The burden rests upon plaintiffs to plead and prove that Davenport and Fields were Meadowmoor's employees. These two men testified that they were employed directly by the drivers for whom they worked, not by Meadowmoor. Both testified that they had not applied for a job with Meadowmoor, but occasionally worked in the cooler room or the empty case room of the dairy at the request of the employees. Plaintiffs failed to produce any proof that either Davenport or Fields was hired, employed or retained by Meadowmoor as anything other than an occasional laborer. Meadowmoor sells its products to master vendors who use their own employees and their own trucks. Dairy products were delivered by Meadowmoor to Joseph Goby, as a master vendor, on a 30-day open account. Meadowmoor did not hire Davenport or Fields in any capacity where they would come in contact with customers in making deliveries and it had no right to direct or control them in their work or to discharge them; nor did Meadowmoor pay them for this work. In the case of Meadowmoor Dairies, Inc. v. Milk Wagon Drivers' Union of Chicago, #753, et al., 371 Ill. 377, 21 N.E.2d 308, affirmed, 312 U.S. 287, it was held that the master vendors to whom Meadowmoor sells its products are not its employees. We are also of the opinion that there is no evidence that either Davenport or Fields was an employee of Goby. There is no evidence that any employment by Goby brought either of these men into contact with any of the plaintiffs. There is evidence that DeBenedetto the driver, employed Davenport as a helper. There is no evidence that DeBenedetto hired Fields.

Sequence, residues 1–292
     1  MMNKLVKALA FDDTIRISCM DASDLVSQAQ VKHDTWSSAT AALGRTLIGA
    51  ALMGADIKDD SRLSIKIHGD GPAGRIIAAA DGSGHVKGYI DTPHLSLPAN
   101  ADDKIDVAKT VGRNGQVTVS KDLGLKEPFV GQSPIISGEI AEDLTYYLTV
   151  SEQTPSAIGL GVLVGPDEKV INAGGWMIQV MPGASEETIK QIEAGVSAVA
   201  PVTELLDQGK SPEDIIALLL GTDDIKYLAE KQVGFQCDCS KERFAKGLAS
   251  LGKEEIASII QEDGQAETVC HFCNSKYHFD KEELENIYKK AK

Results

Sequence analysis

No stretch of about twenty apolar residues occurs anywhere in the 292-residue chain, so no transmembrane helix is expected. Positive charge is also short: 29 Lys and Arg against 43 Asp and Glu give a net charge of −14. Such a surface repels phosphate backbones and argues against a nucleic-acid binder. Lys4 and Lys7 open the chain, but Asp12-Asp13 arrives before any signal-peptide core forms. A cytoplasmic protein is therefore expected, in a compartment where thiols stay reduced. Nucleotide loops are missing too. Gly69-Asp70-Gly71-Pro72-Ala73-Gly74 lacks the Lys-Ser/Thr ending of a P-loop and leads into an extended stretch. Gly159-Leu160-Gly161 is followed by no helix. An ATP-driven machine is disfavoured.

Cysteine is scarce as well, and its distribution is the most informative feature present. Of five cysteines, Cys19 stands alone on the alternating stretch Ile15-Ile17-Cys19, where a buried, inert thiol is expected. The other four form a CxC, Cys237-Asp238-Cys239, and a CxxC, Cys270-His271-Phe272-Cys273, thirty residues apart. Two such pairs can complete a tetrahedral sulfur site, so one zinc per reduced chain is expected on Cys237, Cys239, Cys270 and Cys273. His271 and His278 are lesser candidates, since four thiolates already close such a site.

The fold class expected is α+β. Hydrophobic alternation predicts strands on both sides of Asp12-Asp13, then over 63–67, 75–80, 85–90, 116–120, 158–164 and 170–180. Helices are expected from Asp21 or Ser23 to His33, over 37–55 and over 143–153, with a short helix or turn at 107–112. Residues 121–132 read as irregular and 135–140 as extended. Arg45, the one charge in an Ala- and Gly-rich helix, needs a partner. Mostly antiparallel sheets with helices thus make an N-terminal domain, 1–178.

There is no evidence that any of the defendants knew or should have known that either Davenport or Fields were men of unsavory character or reputation. There is no evidence that Davenport or Fields had a record of arrest or conviction for any public disturbance or criminal offense of any sort prior to their conviction of charges of rape of Mrs. Pascoe and Denise. The record is devoid of competent evidence showing any circumstances from which any defendant could reasonably anticipate the harm to the plaintiffs so as to fix liability for their injuries on any of these defendants. The defendants, as reasonable men, could not have foreseen that Davenport and Fields, who according to the plaintiffs' evidence were steady workers over a long period of time and whose only vice was that they were addicted to drinking intoxicating liquor to excess, would suddenly and without any apparent reason embark on an orgy of rape, robbery and attempted murder.
Fields apparently had never seen any of the women plaintiffs before. We have read the numerous cases cited by the respective parties. We do not feel that any good purpose would be served by discussing the applicability of these cases to the facts of the instant case. The language used in a judicial opinion must be viewed in the light of the facts of the particular case. White v. Seitz, 342 Ill. 266, 270, 174 N.E. 371; Fels v. Arends, 328 Ill. 38, 45, 159 N.E. 244.
We think that the trial judge was right in deciding that there was no evidence to justify the submission of the case to the jury against any of these three defendants. Therefore the judgment is affirmed.
BRYANT, P.J. and FRIEND, J., concur.